At Wild Bass we want to promote responsible fishing, both by commercial fishermen and pleasure anglers alike. I had the article below written and researched for me, to try and help people understand the pressures that fishermen face in their quest for Bass.
Bass notes – facts about the UK’s most fished species Approximately 380 to 690 tonnes of wild European sea bass are caught by sporting anglers every year in UK waters, of which, between 230 to 440 tonnes are kept and not released back or discarded. At first glance, when you compare this to the 897 tonnes of commercial bass caught and sold on by professional fishermen, it seems easy to make the assumption that commercial bass fishing is a far bigger venture. However these figures alone far from tell the whole story. Private angling is big business in the UK, contributing nearly 20 times as much to the British economy as commercial ventures actually do.
The UK’s approximate 1,000,000 private fishermen support 23,600 British jobs and drive nearly £2.1 billion pounds worth of spending annually. Bass in particular, is booming, due in no small part to the fish’s popularity in restaurants as a delicacy, but many in the angling industry are now voicing their concerns about the possible problems that are now arising from the overfishing of this slow growing, long lived fish. The UK European sea bass population is still relatively thriving, with stocks moving ever further north, and the possibility of finding sea bass all around the waters of the UK coast is now increased. But despite this, and even though survival rates of even the tiniest bass are at the highest they’ve ever been, increased commercial trawling is leaving private anglers with extremely mediocre pickings. An average catch for a non-commercial angler typically weighs in at around 1-2 lbs underweight. Even though these same anglers are the cash cow propping up the bass fishing economy, government legislation still continues to heavily favour commercial fishing, and doesn’t seem to do nearly enough to protect the high spending leisure and amateur anglers, nor ensure the sustainability of mature bass.
Bass is now the number 1 choice catch of private anglers, a preference due in part to the decline of cod supplies, with an estimated £100 million spent every single year by rod and line anglers targeting bass stocks. This figure absolutely dwarfs the total per annum first-sale price commercial UK fishermen receive for their bass catches – a paltry £3.1 million per year in comparison. Adult bass are usually found in deep water, particularly on wrecks, but also in shallow estuaries, bays, and harbours, with some even to be found in freshwater on occasion. The spawning season, which normally occurs between the months of February and April, takes place in deep waters, with the subsequent eggs drifting towards the coast for a few weeks before hatching in to larvae. By the time these larvae typically turn up in the estuaries and bays they favour between June and August, they are recognisable as tiny bass, and measure approximately 2cm long. These juvenile bass prefer to stick to large shoals swimming around saltmarshes, marinas, and tidal pools during the summer months, and migrating further out to deeper waters as the winter approaches. Bass normally stay closer to the shore until they reach around 35 cm in length (at about 4 years), when, dubbed “school bass” they move out to wider coastal waters for about a year, before finally reaching their full maturity.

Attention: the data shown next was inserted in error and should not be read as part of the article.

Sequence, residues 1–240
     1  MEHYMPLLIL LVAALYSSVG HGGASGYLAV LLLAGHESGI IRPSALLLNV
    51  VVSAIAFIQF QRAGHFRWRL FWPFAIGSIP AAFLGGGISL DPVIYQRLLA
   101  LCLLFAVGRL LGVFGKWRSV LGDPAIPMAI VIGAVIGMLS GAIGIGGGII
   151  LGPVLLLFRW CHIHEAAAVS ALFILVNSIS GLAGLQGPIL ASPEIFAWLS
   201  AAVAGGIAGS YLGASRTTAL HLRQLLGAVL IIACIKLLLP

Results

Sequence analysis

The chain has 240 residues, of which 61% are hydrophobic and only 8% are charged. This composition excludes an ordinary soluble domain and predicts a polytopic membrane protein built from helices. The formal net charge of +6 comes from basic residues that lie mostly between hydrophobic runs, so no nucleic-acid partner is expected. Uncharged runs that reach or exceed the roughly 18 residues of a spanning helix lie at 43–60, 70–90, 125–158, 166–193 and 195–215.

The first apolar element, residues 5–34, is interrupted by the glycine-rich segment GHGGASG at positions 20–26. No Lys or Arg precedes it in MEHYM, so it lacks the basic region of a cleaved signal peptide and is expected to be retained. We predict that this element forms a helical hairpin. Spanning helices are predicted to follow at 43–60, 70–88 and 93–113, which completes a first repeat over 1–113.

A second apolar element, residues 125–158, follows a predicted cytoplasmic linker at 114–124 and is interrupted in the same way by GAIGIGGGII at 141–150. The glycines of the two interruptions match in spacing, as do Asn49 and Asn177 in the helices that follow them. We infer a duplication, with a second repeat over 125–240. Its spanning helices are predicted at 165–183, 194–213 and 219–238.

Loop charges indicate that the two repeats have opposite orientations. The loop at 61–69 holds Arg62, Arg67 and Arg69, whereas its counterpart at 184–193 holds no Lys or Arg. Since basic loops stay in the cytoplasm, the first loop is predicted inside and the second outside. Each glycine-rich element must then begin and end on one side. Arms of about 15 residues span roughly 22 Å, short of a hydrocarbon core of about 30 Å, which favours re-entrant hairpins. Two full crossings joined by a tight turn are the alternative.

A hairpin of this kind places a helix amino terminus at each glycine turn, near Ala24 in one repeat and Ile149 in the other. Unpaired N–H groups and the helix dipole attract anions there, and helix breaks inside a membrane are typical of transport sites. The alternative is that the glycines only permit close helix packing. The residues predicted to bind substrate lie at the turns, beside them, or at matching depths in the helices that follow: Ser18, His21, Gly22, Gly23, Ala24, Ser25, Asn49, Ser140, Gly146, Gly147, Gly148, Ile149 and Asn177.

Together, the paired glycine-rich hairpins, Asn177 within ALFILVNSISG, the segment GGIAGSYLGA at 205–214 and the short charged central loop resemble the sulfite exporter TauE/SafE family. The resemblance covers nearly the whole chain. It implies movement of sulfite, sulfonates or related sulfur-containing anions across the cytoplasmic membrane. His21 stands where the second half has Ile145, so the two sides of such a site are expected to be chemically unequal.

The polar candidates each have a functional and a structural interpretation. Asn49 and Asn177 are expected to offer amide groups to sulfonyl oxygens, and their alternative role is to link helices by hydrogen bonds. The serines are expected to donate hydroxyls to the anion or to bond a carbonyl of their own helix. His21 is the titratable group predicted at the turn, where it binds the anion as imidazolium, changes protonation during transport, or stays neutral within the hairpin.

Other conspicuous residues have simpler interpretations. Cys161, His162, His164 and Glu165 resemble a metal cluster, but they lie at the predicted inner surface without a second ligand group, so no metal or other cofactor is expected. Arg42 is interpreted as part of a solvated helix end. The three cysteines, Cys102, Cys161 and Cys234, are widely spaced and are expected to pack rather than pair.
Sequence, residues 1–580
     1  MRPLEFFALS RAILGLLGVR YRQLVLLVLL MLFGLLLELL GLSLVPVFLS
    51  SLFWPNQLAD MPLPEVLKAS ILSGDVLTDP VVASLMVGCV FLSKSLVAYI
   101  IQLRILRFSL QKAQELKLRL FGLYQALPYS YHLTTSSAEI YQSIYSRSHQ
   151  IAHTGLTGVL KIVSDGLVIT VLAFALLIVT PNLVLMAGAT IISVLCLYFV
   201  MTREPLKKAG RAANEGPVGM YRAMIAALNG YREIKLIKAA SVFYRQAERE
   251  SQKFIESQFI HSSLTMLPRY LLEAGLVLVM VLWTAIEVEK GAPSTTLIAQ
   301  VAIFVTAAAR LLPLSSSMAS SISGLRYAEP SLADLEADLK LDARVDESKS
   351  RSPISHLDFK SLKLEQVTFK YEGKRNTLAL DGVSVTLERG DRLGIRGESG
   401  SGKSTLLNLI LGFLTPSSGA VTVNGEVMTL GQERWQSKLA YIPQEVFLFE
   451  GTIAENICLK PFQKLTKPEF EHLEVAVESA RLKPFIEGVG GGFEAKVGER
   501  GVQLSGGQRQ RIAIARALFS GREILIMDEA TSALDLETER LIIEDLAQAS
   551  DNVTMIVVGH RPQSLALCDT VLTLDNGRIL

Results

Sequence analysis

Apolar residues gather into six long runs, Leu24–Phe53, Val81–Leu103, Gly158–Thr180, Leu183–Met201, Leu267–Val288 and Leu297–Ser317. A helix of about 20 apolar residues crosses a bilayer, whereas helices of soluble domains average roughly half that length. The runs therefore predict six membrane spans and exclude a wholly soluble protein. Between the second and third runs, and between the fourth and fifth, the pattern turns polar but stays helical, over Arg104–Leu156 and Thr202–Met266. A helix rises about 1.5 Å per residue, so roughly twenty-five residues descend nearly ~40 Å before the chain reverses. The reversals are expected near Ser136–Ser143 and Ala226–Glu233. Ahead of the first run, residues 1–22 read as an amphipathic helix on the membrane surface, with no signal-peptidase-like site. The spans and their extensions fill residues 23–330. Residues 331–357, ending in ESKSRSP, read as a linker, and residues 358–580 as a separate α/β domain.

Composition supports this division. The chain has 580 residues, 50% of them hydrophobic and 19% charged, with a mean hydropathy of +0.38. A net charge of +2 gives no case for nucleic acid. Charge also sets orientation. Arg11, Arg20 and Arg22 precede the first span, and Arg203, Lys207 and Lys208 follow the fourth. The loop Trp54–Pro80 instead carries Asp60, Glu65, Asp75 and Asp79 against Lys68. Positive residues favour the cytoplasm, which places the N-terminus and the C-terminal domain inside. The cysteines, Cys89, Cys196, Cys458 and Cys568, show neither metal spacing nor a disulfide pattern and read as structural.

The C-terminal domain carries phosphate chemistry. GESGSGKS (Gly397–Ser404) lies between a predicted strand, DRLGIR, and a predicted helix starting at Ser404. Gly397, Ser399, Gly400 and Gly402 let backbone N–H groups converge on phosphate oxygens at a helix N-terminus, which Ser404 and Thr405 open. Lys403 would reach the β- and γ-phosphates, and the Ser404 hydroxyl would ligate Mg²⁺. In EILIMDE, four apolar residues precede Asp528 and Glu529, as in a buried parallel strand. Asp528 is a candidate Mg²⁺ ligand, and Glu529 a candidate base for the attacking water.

A female bass will mature at slightly larger size than a male, at 42cm compared to the 32-35cm expected for a male bass. Once mature, Bass embark on an annual pattern of migration, alternating between the summer feeding areas they favour, and the winter pre-spawning grounds. They feed on a large variety of prey, including mackerel, sand eels, marine worms, and sprats. The sea bass can live for up to 30 years in UK waters, which is a remarkably long life cycle, and this longevity, coupled with the increased breeding success of the species due to rising winter sea temperatures, means private anglers should be enjoying much higher weight catches than those they are currently averaging. However, because heavy commercial trawling has seriously depleted mature bass stocks in recent years, few bass caught now will be over 15 years old, at which age they would be expected to weigh in at between 8-11 lbs. Until a few decades ago, only private anglers were interested in catching wild sea bass, but the growing availability of monofilament gill nets and the swelling demand from the restaurant industry converged to put Bass stocks under the serious demand they are now in. Although there has certainly been a rise both in successful breeding and the survival rates of the smallest bass, the fact is most bass will still get caught by the commercial nets and trawlers before they’ve even had a chance to spawn. Despite reports published in March 2004 by the Government suggesting that opportunities for recreational anglers should be maximized, and despite recommendations that commercial fishing pressure on stocks be reduced, current legislation could certainly go further to preserve the opportunities of the UK’s private anglers – especially since this particular demographic is contributing the most to the entire bass fishing economy.